Chicken Classification

Chicken Classification

Chicken, as with all poultry, is classed by the age of the bird. As the chicken matures and ages, the flavors become more pronounced and the meat becomes tougher. The youngest birds may be prepared in any cooking method, while the older and larger chickens typically require longer, slower, and moist-cooking methods to render the meat tender.

For safe cooking, the USDA recommends the internal temperature reach at least 165 degrees F, for all pieces and forms available, including whole, in pieces, and ground chicken.

Chicken Classes

There are seven classes of chicken: Rock Cornish game hen, Rock Cornish fryer, broiler/fryer, capon, hen/stewing chicken, cock/rooster roaster. Unless specifically stated, each class can be of either sex.

  • Cornish Game Hen or Rock Cornish Game Hen – Young, immature chickens under 2 lbs., usually less than 5 weeks of age. These are generally bought and prepared as one bird per person and served whole. Cornish game hens are from Cornish chickens and Rock Cornish game hens are from cross breeding different species.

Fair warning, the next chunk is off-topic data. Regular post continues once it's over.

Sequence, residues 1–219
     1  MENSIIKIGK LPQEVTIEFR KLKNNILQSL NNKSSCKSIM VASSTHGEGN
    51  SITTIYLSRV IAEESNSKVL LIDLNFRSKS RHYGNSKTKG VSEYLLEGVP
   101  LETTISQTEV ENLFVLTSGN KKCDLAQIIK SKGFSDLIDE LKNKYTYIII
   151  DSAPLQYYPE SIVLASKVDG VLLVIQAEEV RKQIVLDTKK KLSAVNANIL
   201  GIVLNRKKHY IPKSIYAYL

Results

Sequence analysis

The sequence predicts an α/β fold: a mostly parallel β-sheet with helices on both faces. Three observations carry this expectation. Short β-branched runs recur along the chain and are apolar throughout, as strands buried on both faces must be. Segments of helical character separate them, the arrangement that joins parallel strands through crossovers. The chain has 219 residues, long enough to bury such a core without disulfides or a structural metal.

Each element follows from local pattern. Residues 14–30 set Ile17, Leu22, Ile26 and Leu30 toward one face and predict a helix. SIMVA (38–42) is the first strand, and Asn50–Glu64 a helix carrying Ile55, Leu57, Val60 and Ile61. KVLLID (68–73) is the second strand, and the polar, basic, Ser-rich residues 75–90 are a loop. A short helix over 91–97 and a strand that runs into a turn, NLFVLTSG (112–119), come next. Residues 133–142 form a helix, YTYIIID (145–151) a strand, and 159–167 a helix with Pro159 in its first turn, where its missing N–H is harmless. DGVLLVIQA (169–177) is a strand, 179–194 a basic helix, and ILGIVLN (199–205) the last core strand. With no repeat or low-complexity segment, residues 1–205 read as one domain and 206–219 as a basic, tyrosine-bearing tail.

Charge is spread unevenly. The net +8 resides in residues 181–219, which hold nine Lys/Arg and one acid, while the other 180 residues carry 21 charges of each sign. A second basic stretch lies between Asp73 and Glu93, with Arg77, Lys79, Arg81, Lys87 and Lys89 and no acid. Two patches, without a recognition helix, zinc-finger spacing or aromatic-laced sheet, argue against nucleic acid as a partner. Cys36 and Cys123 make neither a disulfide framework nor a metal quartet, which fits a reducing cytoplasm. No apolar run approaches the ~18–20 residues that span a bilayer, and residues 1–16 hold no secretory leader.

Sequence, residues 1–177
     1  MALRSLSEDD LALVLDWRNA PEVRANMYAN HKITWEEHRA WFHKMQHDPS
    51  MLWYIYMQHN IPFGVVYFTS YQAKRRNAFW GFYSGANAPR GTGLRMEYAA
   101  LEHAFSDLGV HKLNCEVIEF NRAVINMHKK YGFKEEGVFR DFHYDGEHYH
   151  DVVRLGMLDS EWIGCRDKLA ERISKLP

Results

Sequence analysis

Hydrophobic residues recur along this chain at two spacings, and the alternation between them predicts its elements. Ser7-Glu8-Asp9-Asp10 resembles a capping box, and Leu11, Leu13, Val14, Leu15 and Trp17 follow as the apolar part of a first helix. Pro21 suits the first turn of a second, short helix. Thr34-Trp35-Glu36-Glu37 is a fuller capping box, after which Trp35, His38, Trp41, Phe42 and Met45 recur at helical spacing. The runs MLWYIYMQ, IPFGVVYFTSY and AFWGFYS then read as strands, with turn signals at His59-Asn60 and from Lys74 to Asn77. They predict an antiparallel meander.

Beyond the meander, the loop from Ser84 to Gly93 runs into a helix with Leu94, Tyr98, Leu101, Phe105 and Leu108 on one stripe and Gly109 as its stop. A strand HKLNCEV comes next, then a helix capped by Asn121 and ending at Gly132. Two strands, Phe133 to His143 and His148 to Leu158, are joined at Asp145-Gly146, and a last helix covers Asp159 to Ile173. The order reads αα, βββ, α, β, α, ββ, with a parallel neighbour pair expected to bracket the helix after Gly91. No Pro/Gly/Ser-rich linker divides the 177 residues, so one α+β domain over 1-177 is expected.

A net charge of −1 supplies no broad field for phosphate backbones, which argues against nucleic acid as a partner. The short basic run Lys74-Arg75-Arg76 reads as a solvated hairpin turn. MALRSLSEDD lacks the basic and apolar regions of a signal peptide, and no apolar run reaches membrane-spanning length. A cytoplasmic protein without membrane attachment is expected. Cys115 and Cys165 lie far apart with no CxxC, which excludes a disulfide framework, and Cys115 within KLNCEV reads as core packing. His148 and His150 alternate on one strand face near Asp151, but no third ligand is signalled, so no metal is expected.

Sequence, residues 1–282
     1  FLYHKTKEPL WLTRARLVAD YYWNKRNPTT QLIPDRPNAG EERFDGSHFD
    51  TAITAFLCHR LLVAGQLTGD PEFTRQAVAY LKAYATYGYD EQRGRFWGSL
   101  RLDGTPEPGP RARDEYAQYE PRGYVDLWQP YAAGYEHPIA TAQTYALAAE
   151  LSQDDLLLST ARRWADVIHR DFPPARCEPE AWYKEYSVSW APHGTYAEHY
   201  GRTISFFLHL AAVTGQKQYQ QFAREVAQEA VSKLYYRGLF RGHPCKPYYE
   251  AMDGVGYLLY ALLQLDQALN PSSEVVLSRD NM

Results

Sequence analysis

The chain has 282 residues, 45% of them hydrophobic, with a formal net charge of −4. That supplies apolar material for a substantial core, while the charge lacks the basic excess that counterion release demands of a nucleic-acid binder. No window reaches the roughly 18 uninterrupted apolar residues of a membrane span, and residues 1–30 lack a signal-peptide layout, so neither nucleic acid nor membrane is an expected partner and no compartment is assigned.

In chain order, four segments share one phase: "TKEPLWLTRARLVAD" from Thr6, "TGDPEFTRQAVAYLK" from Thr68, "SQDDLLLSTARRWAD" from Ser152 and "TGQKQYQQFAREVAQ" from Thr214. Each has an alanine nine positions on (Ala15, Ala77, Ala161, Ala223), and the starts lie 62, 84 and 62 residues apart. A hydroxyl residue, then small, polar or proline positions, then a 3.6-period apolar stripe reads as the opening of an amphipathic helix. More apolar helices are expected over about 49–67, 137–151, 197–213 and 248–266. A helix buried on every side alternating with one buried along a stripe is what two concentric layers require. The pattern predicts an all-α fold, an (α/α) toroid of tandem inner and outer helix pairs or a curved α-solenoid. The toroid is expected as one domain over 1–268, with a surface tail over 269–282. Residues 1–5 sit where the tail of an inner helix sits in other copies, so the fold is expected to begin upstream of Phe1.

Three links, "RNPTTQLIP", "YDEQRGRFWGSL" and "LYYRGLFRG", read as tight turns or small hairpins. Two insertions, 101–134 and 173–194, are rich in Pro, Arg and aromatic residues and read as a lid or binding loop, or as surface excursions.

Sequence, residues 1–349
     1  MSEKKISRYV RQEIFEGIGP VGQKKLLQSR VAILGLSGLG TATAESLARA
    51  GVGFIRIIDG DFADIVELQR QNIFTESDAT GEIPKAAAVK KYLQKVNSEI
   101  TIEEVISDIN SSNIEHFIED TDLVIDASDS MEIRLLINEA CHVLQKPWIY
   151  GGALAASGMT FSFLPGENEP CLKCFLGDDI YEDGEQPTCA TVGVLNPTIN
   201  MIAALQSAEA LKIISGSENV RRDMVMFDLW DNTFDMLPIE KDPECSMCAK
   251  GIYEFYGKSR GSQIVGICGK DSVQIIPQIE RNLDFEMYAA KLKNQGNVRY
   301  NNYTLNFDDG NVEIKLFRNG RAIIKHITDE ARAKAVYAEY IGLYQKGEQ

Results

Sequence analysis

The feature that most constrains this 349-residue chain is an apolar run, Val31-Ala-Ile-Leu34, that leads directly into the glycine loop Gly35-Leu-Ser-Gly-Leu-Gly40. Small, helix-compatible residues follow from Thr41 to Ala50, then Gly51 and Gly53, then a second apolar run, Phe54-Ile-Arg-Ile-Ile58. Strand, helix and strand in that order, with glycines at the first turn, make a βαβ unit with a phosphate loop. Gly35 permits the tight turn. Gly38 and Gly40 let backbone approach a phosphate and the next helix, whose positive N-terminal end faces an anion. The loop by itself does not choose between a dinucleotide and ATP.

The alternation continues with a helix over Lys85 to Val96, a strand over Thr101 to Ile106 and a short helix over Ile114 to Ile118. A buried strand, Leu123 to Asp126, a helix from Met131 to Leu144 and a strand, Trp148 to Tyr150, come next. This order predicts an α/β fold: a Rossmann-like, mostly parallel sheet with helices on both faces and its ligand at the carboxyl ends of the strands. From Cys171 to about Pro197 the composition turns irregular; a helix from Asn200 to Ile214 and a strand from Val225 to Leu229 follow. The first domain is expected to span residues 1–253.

• Broiler or Fryer – A young chicken of either sex, usually less than 10 weeks of age. It will have smooth-textured skin and flexible breastbone cartilage. This has tender meat that is great for any cooking method. A broiler is slightly smaller (1 1/2 to 2 lbs.) than a fryer (2 1/2 to 3 1/2 lbs.).
  • Roasting Chicken or Roaster – A chicken that is slightly older (3 to 5 months old, but typically less than 12 weeks) and can be of either sex. The meat is tender, but the breastbone cartilage is somewhat less flexible than that of a broiler or fryer. While its name implies a specific cooking method, it can also be cooked by other methods, such as pan frying and grilling. A roaster is up to 5 lbs. in weight.
  • Capon – Surgically ‘unsexed’ male chicken (castrated), and under 8 months of age with smooth and pliable skin. A capon is known for its large breast and good flavor.
  • Stewing Hen – Mature hen (female chicken) over 10 months in age. This baking chicken is tougher and best left to longer and slower cooking methods.
  • Cock or Rooster – Adult male chicken (over 10 months in age). This chicken has tough and darkened meat and is best left to longer and slower cooking methods. It has coarse skin, toughened and dark meat, and a nonflexible breastbone tip.
Renee Shelton’s love for tri tip almost surpasses her love for cake. When she’s not tasting BBQ, she can be found at Pastry Sampler.
Dedicated to the art of grilling, smoking, and barbecuing.